Fast Five Quiz: Mood Disorders

Stephen Soreff, MD

Disclosures

October 01, 2019

In the DSM-5, persistent depressive disorder (dysthymia) is a depressive mood disorder characterized by a chronic course and an early, insidious onset (ie, in childhood, adolescence, or early adulthood). Early onset (ie, before age 21 years) is associated with higher risk for comorbid personality disorders and substance use disorders.

Although dysthymia has been traditionally considered less severe than major depressive disorder, the consequences of dysthymia are increasingly recognized as grave; they include severe functional impairment, increased morbidity from physical disease, and increased risk for suicide.

Compared with major depression, patients with dysthymia tend to have more subjective symptoms, with fewer dramatic psychomotor disturbances or neurovegetative symptoms, such as abnormal sleep, appetite, and libido. In other words, these patients do not exhibit the severe, debilitating symptoms associated with major depression.

Some patients report a diurnal variation, with low energy, inertia, and anhedonia that is worse in the morning. People with dysthymia may exhibit decreased mental flexibility on neuropsychological testing.

To summarize, the most common symptoms include the following:

  • A negative, pessimistic, or gloomy outlook

  • Depressed mood

  • Restlessness

  • Anxiety

  • Neurovegetative symptoms: disturbed sleeping and feeding behaviors, lethargy; usually less marked than those seen in a major depressive episode

  • Loss of pleasurable feelings (anhedonia)

  • Tendency to spend little time engaged in leisure activities

  • Tendency to anticipate that future events and future affective experiences will be negative

The Third National Health and Nutrition Examination Survey (NHANES III) found that dysthymia is more common among African Americans and Mexican Americans than among white Americans.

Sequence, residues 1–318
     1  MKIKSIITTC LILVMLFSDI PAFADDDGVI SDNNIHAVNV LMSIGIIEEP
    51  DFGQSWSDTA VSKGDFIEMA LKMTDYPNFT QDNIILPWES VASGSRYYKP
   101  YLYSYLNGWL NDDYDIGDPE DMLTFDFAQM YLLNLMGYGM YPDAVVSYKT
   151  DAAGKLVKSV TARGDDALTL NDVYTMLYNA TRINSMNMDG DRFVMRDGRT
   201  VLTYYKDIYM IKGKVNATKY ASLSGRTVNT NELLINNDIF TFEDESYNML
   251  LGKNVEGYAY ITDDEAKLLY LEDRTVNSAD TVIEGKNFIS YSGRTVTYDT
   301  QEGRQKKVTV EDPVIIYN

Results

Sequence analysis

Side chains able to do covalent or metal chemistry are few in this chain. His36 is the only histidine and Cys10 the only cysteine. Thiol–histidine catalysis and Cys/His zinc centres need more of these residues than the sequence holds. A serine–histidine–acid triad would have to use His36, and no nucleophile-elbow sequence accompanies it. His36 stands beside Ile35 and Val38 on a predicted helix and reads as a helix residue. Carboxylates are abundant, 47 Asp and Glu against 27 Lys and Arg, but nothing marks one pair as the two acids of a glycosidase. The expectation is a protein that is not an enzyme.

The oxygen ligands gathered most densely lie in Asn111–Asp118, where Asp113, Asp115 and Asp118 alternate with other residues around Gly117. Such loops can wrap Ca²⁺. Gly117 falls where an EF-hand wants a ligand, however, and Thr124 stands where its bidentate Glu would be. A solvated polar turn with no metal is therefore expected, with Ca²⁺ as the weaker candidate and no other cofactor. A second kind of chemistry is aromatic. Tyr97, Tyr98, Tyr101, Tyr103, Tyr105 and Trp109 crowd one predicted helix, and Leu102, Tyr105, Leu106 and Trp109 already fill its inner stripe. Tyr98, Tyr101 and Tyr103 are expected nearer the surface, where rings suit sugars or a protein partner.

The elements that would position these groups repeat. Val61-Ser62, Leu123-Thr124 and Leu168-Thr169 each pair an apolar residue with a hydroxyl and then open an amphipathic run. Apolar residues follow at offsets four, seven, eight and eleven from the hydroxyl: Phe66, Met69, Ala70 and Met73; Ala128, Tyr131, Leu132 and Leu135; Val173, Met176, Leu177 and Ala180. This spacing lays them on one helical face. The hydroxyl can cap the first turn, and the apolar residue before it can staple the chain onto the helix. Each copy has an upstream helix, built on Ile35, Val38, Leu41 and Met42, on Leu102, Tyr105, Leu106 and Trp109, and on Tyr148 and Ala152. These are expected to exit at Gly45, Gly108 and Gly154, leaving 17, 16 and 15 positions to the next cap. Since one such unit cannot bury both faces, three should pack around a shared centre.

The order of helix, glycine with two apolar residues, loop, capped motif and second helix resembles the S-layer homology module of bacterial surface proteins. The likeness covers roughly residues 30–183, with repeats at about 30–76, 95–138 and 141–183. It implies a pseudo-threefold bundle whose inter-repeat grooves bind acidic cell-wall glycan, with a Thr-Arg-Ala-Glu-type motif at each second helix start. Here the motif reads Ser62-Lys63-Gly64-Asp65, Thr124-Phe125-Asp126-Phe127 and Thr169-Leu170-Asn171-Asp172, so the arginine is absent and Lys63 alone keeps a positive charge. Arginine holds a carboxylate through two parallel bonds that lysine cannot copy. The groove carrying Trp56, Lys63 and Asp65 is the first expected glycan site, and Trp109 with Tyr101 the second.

Although still unclear, the cause of dysthymia is probably multifactorial. Common contributing factors include the following:

  • Genetic predisposition

  • Biological factors, such as alterations in neurotransmitters, endocrine, or inflammatory mediators

  • Chronic stress, particularly with feelings of hopelessness or helplessness

  • Chronic medical illness

  • Psychosocial factors, such as social isolation, losses, or poverty

  • Ruminative coping strategies: As opposed to problem-solving or cognitive restructuring strategies, these are common among people with dysthymia and may predispose to or sustain dysthymia

  • Antisocial, borderline, dependent, depressive, histrionic, or schizotypal personality traits: People diagnosed with these are at an increased risk for developing dysthymic disorder

Dysthymia is more of a persistent condition rather than an acute illness. It can be the result of ongoing physical problems and negative environmental situations. Patients with dysthymia often have a less than optimistic view of life.

Read more about dysthymia.

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